ECB's Nowotny warns on Hungary fx mortgages
* Hungary fx loan risks "particularly acute" on HUF fall
* So far no "dramatic rise" in delinquencies
* Austrian banks among main lenders in Hungary
By Boris Groendahl
VIENNA, Sept 20 (Reuters) - Mortgages in foreign currencies are an acute risk in Hungary, where homeowners borrowed heavily in Swiss francs and are now suffering from the forint's depreciation, the head of Austria's central bank warned on Monday.
Governor Ewald Nowotny and his central bank have long been critical of Austrian banks, which collectively are the biggest lenders to Hungarian borrowers and expanded foreign currency lending aggressively during Hungary's boom years.
"The central bank has long warned of the dangers of foreign currency loans," Nowotny said in an Internet chat with readers of Austrian daily newspaper Der Standard.
"For Hungary the risks are particularly acute because of the combination of the rise in the Swiss franc CHFHUF= and the fall in the forint," he added.
A fresh rise in risk aversion has prompted investors to pile money into safe haven currencies, driving the Swiss franc to record highs against the euro in early September and putting pressure on Hungary's currency and government bonds.
Hungary's key vulnerabilities -- a huge stock of foreign currency debt and poor growth prospects -- come under the spotlight when investor sentiment sours. The global crisis in 2008 paralysed its bond market and drove the country to seek IMF aid.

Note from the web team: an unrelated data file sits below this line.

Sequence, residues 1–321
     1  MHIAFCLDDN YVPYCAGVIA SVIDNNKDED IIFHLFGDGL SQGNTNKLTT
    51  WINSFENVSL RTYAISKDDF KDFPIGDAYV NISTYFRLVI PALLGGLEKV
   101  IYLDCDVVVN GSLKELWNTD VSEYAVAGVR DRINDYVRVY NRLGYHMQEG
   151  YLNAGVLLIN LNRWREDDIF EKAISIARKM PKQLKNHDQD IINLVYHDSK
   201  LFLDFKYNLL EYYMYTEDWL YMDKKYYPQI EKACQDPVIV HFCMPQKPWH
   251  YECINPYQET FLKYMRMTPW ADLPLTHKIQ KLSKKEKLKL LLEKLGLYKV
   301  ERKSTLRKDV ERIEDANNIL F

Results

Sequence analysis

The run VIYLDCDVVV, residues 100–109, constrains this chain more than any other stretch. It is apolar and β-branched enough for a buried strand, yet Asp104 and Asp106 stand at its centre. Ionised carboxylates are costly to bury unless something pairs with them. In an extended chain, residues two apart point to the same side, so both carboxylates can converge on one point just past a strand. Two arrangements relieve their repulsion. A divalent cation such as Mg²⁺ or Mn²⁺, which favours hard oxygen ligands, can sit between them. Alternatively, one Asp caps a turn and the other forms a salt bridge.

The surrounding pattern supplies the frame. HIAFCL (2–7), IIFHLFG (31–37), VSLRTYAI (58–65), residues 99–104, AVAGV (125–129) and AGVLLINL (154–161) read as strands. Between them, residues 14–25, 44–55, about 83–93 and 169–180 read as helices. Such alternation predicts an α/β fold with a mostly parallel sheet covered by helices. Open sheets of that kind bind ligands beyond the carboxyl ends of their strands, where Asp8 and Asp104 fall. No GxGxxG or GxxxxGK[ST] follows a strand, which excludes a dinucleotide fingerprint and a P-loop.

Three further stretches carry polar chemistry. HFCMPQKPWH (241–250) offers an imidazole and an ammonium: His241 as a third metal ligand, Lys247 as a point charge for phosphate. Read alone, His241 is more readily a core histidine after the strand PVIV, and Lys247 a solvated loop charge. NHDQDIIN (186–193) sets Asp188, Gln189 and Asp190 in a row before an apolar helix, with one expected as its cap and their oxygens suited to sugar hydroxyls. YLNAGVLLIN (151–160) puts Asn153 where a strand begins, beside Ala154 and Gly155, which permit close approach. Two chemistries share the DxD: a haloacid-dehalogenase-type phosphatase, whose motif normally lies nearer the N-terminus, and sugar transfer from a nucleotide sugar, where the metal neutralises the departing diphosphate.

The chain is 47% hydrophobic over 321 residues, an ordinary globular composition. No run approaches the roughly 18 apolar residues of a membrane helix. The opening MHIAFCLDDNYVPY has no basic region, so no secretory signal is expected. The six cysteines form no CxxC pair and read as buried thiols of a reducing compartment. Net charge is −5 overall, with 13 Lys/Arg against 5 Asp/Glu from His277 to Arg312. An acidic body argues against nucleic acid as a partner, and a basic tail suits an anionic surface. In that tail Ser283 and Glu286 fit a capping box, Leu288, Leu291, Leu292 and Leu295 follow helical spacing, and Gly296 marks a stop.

Franc loans make up about half of Hungary's household debt stock and the Swiss currency's appreciation means borrowers are being pushed to their limits to meet payments, driving up non-performing loan (NPL) rates.
In July, Hungarian households' Swiss franc loan stock, which includes home and equity mortgages and car loans, totalled a massive 5.7 trillion forints ($26.5 billion), or around 27 billion francs. [ID:nLDE67U164]
Households' NPLs in the banking system rose to 8.1 percent in June from 7.3 percent in March. However, Nowotny pointed out that households tend to delay a default on their mortgage as long as possible.
But as they scrape together funds to cover their mortgage debt, spending on other goods may suffer, which further weighs on economic growth, he said.
"That has not, at least not until now, led to a dramatic rise in delinquencies, although the affected households are forced to make savings in other areas because of this," Nowotny said in the chat.
Austrian banks including Erste Group Bank (ERST.VI) and Raiffeisen International RIBH.VI collectively are the biggest lenders to Hungarian borrowers, according to statistics by the Bank for International Settlements.
German, Italian and Belgian banks follow in the ranking, reflecting the strong position of BayernLB [BAYLB.UL], Intesa Sanpaolo (ISP.MI), UniCredit (CRDI.MI), and KBC (KBC.BR) in the Hungarian market. [ID:nLDE65714B] [ID:nLDE656120]. (Additional reporting by Krista Hughes in Frankfurt and Krisztina Than and Sandor Peto in Budapest; Editing by Susan Fenton)
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